Dr. Wong has gum disease. There, I said it. While it may sound ludicrous that a dentist may have gum disease, a better understanding of the disease will quickly make it plausible. And while dentistry has reached a pretty high level of understanding of the processes, we are still stymied by many of the facets of gum disease.
Another admission: I’ve been dreading having to write this post. Gum disease, or actually periodontal disease, is a complicated subject that covers so many topics that I have little hope of covering the entire material in one measly blog posting.
Let’s start with the definition of gum disease. There is actually no single disease called “gum disease”. Instead, we are talking about a whole host of problems that can affect the periodontal (i.e.: around the tooth) tissues. This would include not just the gums, but the underlying bone and ligament as well.
Gum diseases are categorized in an ever-changing and likely ever-more complicated way. See how it is currently categorized by the International Periodontal community here. As dental knowledge evolves, it will likely change some more.
We spoke earlier about gingivitis, a term that everyone probably knows. We mentioned that gingivitis is generally regarded as a fully reversible condition – when arrested, the gums will not suffer any lasting effects. When we talk about gum disease, we’re referring also to things that can cause permanent damage or loss of tissue. So, for starters, true gum disease, or more accurately, periodontitis, can be thought of as “continued loss of the supporting tissues of teeth”.
Let’s get to the point – gum disease is a loss of the ligament, bone, and soft tissues around teeth. The ultimate consequence, and the most worrisome, is tooth loss. When a tooth loses enough support, it will eventually become so loose that it cannot function properly.
In the past, gum disease was often blamed on poor hygiene. If someone had gum disease, it must have meant that there was just inadequate cleaning of the teeth/gums. However, this did not answer the question of why some people with poor oral hygiene did not experience gum disease, and why some people with good oral hygiene did.
The destruction of ligament and bone around teeth is indeed triggered by bacteria (for the most part), but it is the body’s response to the bacteria that determine the extent of gum disease that develops. As it turns out, it is not only the quantity and quality of bacteria, there are also known risk factors that come into play. We’ll get into that later.
It is easy to believe that malicious oral bacteria are actively destroying gum and bone around teeth, but that would be overly simplistic. When bacterial toxins are detected by the body, an inflammatory reaction begins in an attempt to rid the gums of the offending irritants. Inside the body, this reaction usually works pretty well. On teeth, where the bacteria are stuck to the roots of teeth in a protective biofilm, the body cannot so easily eliminate the bacteria. The inflammation persists, and just like collateral damage, the immune response actually ends up destroying the body’s own bone and ligament.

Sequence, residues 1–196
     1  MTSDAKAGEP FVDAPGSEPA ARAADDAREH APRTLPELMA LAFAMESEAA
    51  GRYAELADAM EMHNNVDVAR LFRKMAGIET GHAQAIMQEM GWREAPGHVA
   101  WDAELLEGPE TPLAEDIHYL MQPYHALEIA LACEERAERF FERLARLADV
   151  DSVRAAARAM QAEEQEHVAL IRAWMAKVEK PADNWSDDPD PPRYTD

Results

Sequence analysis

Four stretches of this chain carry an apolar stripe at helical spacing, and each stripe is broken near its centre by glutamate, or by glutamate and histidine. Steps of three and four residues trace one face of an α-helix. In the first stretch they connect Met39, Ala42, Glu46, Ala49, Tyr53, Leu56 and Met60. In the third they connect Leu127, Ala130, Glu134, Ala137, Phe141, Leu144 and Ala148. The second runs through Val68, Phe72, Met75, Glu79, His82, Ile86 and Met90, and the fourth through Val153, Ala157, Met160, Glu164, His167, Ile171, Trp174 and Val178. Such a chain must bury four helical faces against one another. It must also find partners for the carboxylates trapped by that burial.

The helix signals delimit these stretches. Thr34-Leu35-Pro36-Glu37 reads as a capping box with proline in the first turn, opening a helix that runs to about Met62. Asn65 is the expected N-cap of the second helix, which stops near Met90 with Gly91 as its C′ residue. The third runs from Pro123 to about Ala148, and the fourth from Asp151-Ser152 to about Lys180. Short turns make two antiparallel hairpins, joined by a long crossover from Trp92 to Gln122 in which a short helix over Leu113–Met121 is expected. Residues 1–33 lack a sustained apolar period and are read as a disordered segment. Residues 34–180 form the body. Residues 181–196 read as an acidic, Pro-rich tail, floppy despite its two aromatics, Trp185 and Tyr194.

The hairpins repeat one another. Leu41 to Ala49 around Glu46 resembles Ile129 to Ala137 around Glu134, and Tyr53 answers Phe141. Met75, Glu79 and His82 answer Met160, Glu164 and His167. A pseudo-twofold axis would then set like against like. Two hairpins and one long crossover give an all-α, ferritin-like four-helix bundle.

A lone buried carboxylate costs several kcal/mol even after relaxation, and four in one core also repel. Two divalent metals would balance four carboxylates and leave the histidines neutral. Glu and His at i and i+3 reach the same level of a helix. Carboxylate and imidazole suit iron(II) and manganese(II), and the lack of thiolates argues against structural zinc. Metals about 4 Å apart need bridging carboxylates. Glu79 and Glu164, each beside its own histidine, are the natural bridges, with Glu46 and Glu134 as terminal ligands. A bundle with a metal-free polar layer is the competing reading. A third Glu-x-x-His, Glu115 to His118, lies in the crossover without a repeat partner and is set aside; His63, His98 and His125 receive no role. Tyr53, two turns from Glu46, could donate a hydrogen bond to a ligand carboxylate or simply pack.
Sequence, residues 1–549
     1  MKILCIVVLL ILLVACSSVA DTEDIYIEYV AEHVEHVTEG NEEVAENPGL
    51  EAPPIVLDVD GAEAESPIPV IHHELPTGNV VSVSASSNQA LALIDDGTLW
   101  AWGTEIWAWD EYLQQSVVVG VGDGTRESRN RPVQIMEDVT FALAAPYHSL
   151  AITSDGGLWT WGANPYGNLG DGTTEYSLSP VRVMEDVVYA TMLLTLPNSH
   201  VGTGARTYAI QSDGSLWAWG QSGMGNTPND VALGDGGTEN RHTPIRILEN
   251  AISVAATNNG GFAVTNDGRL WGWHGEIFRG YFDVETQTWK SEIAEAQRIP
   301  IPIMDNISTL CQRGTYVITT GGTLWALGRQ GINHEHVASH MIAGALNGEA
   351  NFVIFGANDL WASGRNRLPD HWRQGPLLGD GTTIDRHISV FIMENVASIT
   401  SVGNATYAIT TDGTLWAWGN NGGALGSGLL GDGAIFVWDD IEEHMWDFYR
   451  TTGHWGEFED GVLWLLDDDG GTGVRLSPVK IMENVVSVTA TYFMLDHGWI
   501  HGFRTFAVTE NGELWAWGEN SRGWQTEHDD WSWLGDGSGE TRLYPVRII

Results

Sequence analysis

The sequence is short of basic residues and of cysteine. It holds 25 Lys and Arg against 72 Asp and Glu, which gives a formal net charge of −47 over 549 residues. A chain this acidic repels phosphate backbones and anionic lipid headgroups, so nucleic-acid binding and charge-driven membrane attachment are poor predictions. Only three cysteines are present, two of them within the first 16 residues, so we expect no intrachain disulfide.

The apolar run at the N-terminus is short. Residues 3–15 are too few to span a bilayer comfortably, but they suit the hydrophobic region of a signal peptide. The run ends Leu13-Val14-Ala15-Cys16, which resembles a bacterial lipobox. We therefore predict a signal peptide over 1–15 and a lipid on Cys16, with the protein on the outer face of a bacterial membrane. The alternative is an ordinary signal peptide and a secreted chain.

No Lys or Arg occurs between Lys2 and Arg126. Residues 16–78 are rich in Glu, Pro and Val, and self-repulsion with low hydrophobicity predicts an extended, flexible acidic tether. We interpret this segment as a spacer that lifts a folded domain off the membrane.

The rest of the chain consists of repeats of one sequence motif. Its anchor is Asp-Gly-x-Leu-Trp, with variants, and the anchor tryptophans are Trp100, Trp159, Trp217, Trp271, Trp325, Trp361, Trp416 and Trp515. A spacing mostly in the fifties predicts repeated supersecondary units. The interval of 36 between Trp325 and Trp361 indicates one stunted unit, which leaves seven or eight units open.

The severity of gum disease also depends on the risk factors that the patient posseses. The presence of these factors may make the disease worse or better for any given bacterial load. These risk factors include: smoking, diabetes, stress, a family history of gum disease, underlying immunodeficiencies, as well as local factors such as crooked teeth and failing dental work that both act to make effective oral hygiene measures more difficult.
This makes periodontitis frustrating – one can do one’s best in oral hygiene and still have bone loss more severe than those who don’t try as hard.
Here is where periodontitis is also frustrating for the dental team: it seldom hurts, until it is at the very late stages (and sometimes does not hurt even then), and since many people acknowledge dental problems only when pain develops, the motivation to treat the disease is not that great. Yet, we also know that the prognosis of the disease is much better if tackled early.
If not pain, then what are the signs that dentists look for when assessing a mouth for periodontal disease? Just like many other diseases, many indicators put together will combine to give an overall picture of the disease. Our team will look at the colour and tone of the tissues, periodontal pockets, bleeding on probing, recessions, mobilities, furcations, and bone levels as clinical measures in addition to the risk factors listed above.
What can you do about gum disease? If you have it, it is important to address it promptly. This means two things: optimizing your oral hygiene through proper brushing and flossing, as well as reducing those risk factors that can be modified. Quitting smoking, getting diabetes (glucose levels) controlled, and choosing better, less-gum-disease-prone parents would all be helpful.
That’s it for today. You’ll notice that we totally neglected to cover the broad broad categories of treatment and prognosis. We will come to that in a later posting.
If you believe that you may have gum disease or risk factors for gum disease, please contact us for an evaluation! We’d love to be your dentist in Barrie.